May 8, 2018: BMC Medical Genomics
Luke E Grzeskowiak, Lisa H Amir, Lisa G Smithers
PURPOSE: To examine differences in longer-term breastfeeding outcomes among mothers of preterm infants according to domperidone exposure status, as well as examine the potential for effect modification according to maternal weight. METHODS: Retrospective cohort study of 198 mothers of very preterm infants (born ≤ 30 weeks' gestation) who initiated breastfeeding and whose infants survived until hospital discharge. Data on domperidone use were obtained from hospital pharmacy records, with the primary outcome defined as continuation of breastfeeding at infant discharge from the Neonatal Unit...
May 3, 2018: European Journal of Clinical Pharmacology
Shabnam Peyvandi, Vann Chau, Ting Guo, Duan Xu, Hannah C Glass, Anne Synnes, Kenneth Poskitt, A James Barkovich, Steven P Miller, Patrick S McQuillen
BACKGROUND: Brain injury (BI) is reported in 60% of newborns with critical congenital heart disease as white matter injury (WMI) or stroke. Neurodevelopmental (ND) impairments are reported in these patients. The relationship between neonatal BI and ND outcome has not been established. OBJECTIVES: This study sought to determine the association between peri-operative BI and ND outcomes in infants with single ventricle physiology (SVP) and d-transposition of the great arteries (d-TGA)...
May 8, 2018: Journal of the American College of Cardiology
Graeme R Polglase, Michael Stark
No abstract text is available yet for this article.
May 7, 2018: Medical Journal of Australia
J Reekie, J M Kaldor, D B Mak, J Ward, B Donovan, J S Hocking, D Preen, B Liu
BACKGROUND/AIMS: To evaluate the long-term effect of infant and childhood hepatitis B (HBV) vaccination programs among birthing women in Western Australia. METHODS: A cohort of Western Australian women born from 1974 to 1995 was created using Birth Registrations and Electoral Roll records. They were linked to a perinatal register and notifiable diseases register to identify women having respectively their first births between 2000 and 2012 and diagnoses of HBV infections...
May 31, 2018: Vaccine
Rania A El-Farrash, Mohammed S El Shimy, Abeer S El-Sakka, Manal G Ahmed, Dina G Abdel-Moez
OBJECTIVE: The objective of this study is to evaluate the efficacy and safety of oral paracetamol versus oral ibuprofen in the treatment of hemodynamically significant patent ductus arteriosus (hsPDA) in preterm infants. STUDY DESIGN: An interventional randomized case-control study, registered in (NCT03265782), was conducted on 60 preterm infants with gestational age ≤34 weeks, postnatal age of 2-7 d and color Doppler echocardiographic evidence of hsPDA...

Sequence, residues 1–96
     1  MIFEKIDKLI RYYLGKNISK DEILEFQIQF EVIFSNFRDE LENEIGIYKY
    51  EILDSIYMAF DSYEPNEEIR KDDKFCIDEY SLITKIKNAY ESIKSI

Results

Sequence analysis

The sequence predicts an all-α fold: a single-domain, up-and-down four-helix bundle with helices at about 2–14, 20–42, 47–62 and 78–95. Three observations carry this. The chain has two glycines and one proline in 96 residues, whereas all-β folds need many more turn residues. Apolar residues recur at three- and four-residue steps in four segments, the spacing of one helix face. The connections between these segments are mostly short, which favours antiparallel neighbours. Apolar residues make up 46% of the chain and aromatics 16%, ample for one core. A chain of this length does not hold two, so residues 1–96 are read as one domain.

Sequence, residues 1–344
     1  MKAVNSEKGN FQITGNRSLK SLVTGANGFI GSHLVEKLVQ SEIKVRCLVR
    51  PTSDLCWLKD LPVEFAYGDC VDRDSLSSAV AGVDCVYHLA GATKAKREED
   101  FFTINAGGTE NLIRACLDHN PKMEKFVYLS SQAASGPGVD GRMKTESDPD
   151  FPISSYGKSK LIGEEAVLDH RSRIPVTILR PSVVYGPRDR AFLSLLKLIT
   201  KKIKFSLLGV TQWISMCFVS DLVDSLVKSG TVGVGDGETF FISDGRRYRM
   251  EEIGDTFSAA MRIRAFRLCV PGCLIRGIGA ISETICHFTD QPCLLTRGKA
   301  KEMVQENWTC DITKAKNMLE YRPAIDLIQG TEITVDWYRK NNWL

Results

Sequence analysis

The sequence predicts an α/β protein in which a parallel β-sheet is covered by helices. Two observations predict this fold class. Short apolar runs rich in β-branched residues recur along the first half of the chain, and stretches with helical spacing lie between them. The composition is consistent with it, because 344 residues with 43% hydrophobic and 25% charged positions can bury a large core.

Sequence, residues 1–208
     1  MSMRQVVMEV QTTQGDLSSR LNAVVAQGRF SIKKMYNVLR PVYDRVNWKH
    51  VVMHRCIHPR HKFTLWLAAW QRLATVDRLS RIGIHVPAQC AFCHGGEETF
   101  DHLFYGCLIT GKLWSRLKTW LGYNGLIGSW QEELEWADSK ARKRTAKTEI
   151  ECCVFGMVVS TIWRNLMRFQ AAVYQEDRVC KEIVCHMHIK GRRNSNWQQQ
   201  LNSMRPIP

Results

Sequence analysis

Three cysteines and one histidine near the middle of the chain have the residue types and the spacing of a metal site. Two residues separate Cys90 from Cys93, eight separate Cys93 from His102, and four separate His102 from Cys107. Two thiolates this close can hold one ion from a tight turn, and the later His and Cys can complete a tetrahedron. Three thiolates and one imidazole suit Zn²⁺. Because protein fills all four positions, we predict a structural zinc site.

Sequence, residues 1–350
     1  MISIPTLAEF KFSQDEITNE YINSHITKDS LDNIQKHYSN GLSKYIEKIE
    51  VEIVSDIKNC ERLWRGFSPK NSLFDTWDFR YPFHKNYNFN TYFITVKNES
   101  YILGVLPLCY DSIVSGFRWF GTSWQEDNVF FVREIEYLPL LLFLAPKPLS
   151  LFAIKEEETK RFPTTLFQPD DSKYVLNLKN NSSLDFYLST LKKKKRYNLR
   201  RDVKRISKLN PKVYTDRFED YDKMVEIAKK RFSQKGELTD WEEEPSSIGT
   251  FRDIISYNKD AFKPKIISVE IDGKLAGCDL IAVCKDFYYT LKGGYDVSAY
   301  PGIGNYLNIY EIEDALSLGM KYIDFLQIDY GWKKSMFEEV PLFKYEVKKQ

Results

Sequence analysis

May 9, 2018: Journal of Maternal-fetal & Neonatal Medicine
Ruth Gussenhoven, Rob J J Westerlaken, Daan R M G Ophelders, Alan H Jobe, Matthew W Kemp, Suhas G Kallapur, Luc J Zimmermann, Per T Sangild, Stanislava Pankratova, Pierre Gressens, Boris W Kramer, Bobbi Fleiss, Tim G A M Wolfs
BACKGROUND: Antenatal infection (i.e., chorioamnionitis) is an important risk factor for adverse neurodevelopmental outcomes after preterm birth. Destructive and developmental disturbances of the white matter are hallmarks of preterm brain injury. Understanding the temporal effects of antenatal infection in relation to the onset of neurological injury is crucial for the development of neurotherapeutics for preterm infants. However, these dynamics remain unstudied. METHODS: Time-mated ewes were intra-amniotically injected with lipopolysaccharide at 5, 12, or 24 h or 2, 4, 8, or 15 days before preterm delivery at 125 days gestational age (term ~ 150 days)...
April 19, 2018: Journal of Neuroinflammation
Fetch more papers »
Fetching more papers... Fetching...
Read by QxMD. Sign in or create an account to discover new knowledge that matter to you.
Remove bar
Read by QxMD icon Read

Search Tips

Use Boolean operators: AND/OR

diabetic AND foot
diabetes OR diabetic

Exclude a word using the 'minus' sign

Virchow -triad

Use Parentheses

water AND (cup OR glass)

Add an asterisk (*) at end of a word to include word stems

Neuro* will search for Neurology, Neuroscientist, Neurological, and so on

Use quotes to search for an exact phrase

"primary prevention of cancer"
(heart or cardiac or cardio*) AND arrest -"American Heart Association"